I had a theory coming up that depressed people probably tend to be stressed out all the time leading to a wasted Hippocampus which then leads to poor memory. So I started looking at a few sources on that subject because I did not really believe that there should be no sources available and what shall I tell you? Of course there are.  

Those sources are listed down below in the sources section of this article. Summoning them up: little amounts of stress increase the performance of memory in mice while high amounts of stress lower it's performance. Alcoholics also show a very similar change in their brain structure and eventually stress will also increase the emotional response: fear. 

Another source suggests that especially highly intuitive, sensitive people tend to have an always firing fear response (which I clearly see in myself during bad phases). This is why people who belong to that type of person are always in some state of trauma; they are stressed out all the time. The natural response to that is often times that people live in the past or in the future rather than standing their own emotion at this very moment, which is definitely something I do a lot. I would suggest that playing computer and video games or watching TV shows would also fall into this category even though I am not quite sure about that. I mean who does not exit reality using one way or the other?

Obviously the best way to cope with this is to learn to relax and recover which is not a natural behavior for people who own that trait. Mediation comes in handy at this position as well as doing sports does. Another interesting video that my brother has shown me the other day suggests that also changing our attitude towards stress would help us improve our response to that. Another article published by the German "Spiegel" in 1978 also suggests the obvious: antidepressants and a more interesting helpful thing: releasing the bad feelings by feeding them into anger and articulating them. I know from myself that this definitely helps to get some relief.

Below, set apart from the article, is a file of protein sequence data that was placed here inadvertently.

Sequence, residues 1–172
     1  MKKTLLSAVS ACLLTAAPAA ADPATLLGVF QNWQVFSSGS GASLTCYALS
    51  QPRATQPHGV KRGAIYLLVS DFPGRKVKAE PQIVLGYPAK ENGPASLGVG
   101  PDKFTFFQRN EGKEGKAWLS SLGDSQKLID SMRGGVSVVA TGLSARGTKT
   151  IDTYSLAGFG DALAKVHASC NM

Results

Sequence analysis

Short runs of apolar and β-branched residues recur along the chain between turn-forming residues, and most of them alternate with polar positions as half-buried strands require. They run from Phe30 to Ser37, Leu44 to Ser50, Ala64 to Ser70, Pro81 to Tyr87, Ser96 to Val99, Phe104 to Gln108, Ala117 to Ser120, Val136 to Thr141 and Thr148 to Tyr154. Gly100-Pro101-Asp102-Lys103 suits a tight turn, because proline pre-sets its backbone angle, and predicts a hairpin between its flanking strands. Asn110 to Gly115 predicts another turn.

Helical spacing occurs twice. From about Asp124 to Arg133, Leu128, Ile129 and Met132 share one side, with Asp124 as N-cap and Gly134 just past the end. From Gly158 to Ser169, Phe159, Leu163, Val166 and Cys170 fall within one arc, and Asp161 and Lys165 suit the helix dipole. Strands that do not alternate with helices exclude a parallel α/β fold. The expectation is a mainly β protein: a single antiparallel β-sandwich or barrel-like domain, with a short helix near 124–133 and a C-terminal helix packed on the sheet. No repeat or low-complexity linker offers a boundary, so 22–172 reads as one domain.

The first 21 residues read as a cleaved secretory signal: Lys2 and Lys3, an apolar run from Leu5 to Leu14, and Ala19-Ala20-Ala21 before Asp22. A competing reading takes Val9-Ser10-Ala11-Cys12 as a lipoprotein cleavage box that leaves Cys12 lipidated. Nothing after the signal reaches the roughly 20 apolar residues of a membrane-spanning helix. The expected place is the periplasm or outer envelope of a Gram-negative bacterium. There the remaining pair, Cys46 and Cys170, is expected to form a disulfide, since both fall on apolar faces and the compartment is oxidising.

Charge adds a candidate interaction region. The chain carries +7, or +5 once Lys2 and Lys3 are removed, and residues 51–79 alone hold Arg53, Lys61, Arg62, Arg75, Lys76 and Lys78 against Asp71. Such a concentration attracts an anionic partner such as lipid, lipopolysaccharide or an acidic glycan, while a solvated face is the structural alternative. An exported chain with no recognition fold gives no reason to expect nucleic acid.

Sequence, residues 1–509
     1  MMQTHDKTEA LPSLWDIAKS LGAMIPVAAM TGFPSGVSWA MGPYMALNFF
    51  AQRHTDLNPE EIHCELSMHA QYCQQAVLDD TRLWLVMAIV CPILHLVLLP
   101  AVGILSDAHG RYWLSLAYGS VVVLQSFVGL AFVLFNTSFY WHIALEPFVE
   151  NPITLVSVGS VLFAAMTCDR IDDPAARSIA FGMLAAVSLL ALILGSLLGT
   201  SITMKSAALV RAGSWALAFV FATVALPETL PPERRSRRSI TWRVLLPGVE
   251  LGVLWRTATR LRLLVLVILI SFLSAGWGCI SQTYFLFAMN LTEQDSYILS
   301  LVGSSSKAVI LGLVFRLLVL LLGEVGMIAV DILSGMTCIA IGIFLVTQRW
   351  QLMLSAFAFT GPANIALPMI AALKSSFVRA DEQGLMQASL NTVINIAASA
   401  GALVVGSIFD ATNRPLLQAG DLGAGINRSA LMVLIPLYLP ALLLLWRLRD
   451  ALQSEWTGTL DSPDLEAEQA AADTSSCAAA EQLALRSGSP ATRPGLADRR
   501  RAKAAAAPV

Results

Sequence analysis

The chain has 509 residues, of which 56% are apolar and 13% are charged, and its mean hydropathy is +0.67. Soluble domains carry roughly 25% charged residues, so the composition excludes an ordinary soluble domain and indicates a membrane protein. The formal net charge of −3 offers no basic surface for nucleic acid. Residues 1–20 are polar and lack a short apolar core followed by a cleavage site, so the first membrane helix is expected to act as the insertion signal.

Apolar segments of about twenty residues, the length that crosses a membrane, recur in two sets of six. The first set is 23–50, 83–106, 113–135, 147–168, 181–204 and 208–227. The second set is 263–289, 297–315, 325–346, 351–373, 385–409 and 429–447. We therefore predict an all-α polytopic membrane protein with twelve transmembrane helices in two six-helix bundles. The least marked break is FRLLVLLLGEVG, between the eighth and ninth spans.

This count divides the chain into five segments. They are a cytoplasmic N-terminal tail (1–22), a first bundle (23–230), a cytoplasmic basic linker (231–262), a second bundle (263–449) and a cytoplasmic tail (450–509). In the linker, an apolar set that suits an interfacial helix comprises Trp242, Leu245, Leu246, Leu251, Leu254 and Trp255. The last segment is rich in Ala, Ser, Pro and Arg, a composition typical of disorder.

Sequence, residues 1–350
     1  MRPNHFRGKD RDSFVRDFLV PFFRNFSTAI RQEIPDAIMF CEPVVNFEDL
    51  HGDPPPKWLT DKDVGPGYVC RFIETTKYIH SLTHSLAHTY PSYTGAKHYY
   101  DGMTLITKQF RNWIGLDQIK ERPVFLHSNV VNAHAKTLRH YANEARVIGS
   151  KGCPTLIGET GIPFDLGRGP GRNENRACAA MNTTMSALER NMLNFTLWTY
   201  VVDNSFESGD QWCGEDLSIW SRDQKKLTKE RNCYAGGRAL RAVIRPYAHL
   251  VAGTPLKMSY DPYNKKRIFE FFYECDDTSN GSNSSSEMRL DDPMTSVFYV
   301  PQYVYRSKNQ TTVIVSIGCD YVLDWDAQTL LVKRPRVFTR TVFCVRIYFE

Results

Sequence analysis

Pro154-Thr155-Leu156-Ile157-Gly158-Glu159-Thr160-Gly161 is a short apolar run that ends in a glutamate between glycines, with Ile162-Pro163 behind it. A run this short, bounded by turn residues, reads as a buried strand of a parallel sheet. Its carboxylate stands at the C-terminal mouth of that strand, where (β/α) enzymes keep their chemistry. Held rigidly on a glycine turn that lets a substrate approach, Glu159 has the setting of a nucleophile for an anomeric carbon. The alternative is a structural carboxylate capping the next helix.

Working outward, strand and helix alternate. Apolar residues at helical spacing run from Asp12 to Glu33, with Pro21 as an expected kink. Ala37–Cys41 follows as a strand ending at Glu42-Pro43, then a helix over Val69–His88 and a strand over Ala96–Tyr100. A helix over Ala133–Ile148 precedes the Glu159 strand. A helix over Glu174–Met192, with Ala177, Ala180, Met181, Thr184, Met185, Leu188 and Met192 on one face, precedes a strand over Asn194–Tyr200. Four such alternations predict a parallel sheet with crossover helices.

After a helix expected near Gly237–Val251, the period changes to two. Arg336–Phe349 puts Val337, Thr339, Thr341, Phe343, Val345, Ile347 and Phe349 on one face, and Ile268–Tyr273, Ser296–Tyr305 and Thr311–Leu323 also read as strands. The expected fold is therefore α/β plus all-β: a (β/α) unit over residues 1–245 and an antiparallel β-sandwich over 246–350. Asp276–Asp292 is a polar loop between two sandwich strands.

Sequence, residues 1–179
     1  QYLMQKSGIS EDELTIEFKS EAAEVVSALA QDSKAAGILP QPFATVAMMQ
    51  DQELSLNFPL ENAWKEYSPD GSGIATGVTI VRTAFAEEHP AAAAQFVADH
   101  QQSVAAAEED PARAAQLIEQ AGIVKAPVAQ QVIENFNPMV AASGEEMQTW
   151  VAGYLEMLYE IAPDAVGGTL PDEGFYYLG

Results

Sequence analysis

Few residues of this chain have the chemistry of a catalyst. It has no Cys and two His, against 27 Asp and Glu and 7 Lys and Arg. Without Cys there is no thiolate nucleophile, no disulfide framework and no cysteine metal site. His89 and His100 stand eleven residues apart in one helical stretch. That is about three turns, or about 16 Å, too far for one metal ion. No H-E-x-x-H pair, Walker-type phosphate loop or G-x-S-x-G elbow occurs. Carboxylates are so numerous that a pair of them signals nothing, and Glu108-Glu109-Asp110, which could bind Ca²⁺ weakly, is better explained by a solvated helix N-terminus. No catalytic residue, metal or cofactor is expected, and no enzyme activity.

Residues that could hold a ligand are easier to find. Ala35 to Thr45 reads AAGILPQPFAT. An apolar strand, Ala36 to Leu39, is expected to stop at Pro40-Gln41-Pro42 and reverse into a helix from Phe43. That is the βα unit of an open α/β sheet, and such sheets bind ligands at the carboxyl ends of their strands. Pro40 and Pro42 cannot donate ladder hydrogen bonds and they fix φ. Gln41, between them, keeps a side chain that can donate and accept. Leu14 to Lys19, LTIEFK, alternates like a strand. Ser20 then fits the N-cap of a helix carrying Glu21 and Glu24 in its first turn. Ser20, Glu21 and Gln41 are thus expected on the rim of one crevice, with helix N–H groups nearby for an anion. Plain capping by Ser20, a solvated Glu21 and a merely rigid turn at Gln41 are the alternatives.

Momentum - Win the fight day by day

During the last 4 days I've been having a lot of problems. Basically I wasn't feeling much worse than the days before but I was paralyzed. The two weeks before I have always been fighting because I had told myself, what I would have to get done until this last Friday. I had stuck to my routine and done everything on the list. But then I fell into a hole. I had expected to see a huge improvement in my mood by then and I did not see it. I was feeling like I had to struggle like this every day for the rest of my life and it just sucked all the energy out of me.

Today I realized that I simply shouldn't care for anything mood related that will probably happen in half a year. Or tomorrow. When it comes to emotions I only need to care for today. I only need to care for the very moment. I just need to feel good now. Or feel good in an hour. I will stick to my routine and work on myself to find joy in everything I do. Even it's studying for an exam.

Just thinking of the sun shining through my windows (which it hasn't done for 5 days) makes me be a little bit happier. Cleaning up makes me happier. I hope to cultivate this behaviour.